What is Trypophobia?


Trypophobia Trigger

The Lotus Seed Pod is the most prolific Trypophobia image

Trypophobia is a pathological fear of holes, particular those that are clustered together in a pattern. Trypophobia was coined in 2005 and derives its name from the Greek τρύπα (trýpa) “hole” and φόβος (phóbos) “fear”. According to Cole and Wilkins (2015) Trypophobia is a phobia in which “Sufferers report aversion to visual stimuli comprising particular configuration of holes. The stimuli are usually clusters of holes of any variety that are almost always innocuous and seemingly pose no threat” (p. 3). The phobia itself claims many sufferers although not currently recognized by the American Psychiatric Association’s Diagnostic and Statistical Manual of Mental Disorders (DSM), or any other scientific literature.

Trypophobia has long been attributed as an artificially created phobia or psuedophobia since it does not meet the DSM’s criteria of significantly interfering with a person’s normal routine (Fern, 2015); However, speak to anyone that suffers from this fear and Trypophobia is all too real. This psuedophobia status will likely change as more academic research is taken regarding this shock phobia. As early as 2015 scholars have begun studying Trypophobia as the centerpiece of their academic research. Some of this research speculates that this phobia could be an exaggeration of our tendency as human beings to avoid life threatening situations. The cluster formation that triggers Trypophobia most often appears in human disease leading researchers to speculate that Trypophobia is nothing more than the brains primitive repulsion towards circumstances that pose risk to human health (Howarth & Diels, 2013). This Darwinian argument states that the aversion to these instances of clusters of holes occurs were a survival mechanism that innately led primitive humans to have a predisposition to fear these clusters of holes as they may pose a potential threat. Other academic arguments focus on the spatial frequency of patterns and their ability to provide a phobic stimuli as a conditional optic response (Cole & Wilkins, 2015).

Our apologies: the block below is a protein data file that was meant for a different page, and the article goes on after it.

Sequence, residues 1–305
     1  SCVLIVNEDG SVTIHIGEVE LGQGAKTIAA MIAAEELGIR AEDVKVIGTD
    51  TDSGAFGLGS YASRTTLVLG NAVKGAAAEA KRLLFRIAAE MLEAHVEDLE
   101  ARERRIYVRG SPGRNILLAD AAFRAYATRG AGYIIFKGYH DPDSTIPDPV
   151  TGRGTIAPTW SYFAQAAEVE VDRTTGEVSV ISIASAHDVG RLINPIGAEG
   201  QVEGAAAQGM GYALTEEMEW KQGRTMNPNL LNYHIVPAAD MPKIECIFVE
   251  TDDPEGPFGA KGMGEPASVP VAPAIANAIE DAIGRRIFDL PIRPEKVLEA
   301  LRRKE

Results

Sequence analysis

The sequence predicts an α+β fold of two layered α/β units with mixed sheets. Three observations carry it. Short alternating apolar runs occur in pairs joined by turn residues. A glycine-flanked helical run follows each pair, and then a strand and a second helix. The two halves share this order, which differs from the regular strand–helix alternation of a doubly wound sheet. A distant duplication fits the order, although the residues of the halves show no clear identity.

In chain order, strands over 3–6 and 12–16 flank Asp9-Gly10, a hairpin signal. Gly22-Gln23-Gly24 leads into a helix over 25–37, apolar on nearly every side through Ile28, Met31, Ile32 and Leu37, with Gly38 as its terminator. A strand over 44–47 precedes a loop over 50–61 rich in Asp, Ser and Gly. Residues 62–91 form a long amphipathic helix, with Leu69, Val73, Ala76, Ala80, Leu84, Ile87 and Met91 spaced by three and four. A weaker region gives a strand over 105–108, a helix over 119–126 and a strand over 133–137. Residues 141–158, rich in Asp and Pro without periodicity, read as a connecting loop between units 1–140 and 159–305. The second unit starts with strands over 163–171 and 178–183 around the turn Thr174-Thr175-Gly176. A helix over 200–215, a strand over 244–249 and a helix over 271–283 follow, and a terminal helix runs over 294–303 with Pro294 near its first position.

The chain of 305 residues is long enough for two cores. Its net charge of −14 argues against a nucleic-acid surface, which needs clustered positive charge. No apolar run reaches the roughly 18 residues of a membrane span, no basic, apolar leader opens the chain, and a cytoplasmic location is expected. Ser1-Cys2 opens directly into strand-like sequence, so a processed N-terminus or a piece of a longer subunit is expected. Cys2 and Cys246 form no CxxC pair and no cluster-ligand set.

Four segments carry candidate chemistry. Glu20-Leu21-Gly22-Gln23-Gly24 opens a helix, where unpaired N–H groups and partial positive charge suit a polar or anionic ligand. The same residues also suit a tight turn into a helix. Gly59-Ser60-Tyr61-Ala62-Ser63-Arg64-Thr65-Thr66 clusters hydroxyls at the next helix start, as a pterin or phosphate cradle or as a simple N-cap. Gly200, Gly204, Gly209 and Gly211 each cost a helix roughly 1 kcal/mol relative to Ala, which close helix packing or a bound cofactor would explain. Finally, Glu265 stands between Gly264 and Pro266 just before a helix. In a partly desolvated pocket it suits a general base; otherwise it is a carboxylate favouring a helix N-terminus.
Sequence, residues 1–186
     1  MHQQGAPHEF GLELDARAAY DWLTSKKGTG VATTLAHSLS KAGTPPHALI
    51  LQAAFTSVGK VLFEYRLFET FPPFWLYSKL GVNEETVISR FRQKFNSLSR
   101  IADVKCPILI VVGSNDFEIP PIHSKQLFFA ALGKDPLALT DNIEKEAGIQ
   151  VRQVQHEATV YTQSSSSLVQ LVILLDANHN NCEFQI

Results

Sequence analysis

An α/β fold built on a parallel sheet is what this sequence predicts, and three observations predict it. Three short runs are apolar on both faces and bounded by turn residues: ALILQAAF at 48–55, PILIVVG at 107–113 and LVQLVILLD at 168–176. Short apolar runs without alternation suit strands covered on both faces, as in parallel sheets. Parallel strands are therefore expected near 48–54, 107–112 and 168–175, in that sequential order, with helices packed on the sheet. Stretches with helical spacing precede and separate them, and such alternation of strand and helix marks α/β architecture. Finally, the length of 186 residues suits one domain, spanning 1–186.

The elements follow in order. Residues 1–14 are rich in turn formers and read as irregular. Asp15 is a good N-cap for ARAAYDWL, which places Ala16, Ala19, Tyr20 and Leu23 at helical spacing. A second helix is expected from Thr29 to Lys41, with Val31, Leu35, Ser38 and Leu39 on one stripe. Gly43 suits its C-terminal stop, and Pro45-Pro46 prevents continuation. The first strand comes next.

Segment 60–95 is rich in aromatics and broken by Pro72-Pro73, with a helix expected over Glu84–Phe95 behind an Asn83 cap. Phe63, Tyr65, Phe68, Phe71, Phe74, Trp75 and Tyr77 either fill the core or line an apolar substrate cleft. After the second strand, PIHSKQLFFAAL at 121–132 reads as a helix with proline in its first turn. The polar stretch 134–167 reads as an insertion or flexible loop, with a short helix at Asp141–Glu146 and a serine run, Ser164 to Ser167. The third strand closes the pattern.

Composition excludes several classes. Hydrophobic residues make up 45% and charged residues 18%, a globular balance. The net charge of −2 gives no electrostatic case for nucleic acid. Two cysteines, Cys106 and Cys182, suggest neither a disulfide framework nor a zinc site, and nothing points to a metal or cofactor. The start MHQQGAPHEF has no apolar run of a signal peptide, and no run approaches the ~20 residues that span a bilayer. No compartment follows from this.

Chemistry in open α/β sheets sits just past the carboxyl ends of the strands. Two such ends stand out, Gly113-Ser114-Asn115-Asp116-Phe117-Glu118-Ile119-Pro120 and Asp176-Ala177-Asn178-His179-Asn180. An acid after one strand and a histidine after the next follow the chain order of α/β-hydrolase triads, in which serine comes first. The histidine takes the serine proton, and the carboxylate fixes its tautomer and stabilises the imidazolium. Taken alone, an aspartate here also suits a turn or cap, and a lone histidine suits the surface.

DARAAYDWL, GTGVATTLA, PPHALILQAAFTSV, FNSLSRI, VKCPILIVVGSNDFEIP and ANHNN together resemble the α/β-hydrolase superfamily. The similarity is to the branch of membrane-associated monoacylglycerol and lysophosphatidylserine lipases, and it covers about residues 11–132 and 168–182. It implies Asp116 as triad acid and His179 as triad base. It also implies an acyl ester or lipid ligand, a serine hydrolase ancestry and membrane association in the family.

Sufferers of Trypophobia are oftentimes called Trypophobes

Die hard sufferers of Trypophobia call themselves Trypophobes. Trypophobes come from all walks of life from all around the world and have varying levels of Trypophobia. Some sufferers enjoy the shock value Trypophobia trigger images may cause in themselves or others. The shock factor that some of these images gets a reaction out of some and is absolutely debilitating to others. Many individuals never knew they were Trypophobes until their first exposure to a trigger image. Amazingly enough, we are continually amazed at how many sufferers divulge to us that they never knew they had this phobia until only recently when presented with such images.


Why Trypophobia exists is a question we may never answer as it effects different people in different ways. The phobia itself, is extremely popular in our culture and many aspects of the phobia and its affects on seemingly unsuspecting individuals has a viral appeal. Our image gallery is chock full of images that are sure to make you squeamish. We also host videos from around the web that highlight this obscure pop culture phenomenon.  Whether this is your first exposure to these clusters or you are a repeat visitor just in it for the feel welcome to our site.

Cole, G., & Wilkins, A. (2015). Fear of holes. Psychological Science, 1-18. Retrieved from http://repository.essex.ac.uk/7734/1/2013-210.pdf

Fern, B. L. (2015). Hoax categorization. Peak Campus: Universiti Tunku Abdul Rahman. Retrieved from http://eprints.utar.edu.my/1550/1/IB-2015-1102695-1.pdf

Howarth, P., & Diels, C. (2013). The 4th international symposium on visual image safety. VIMS.



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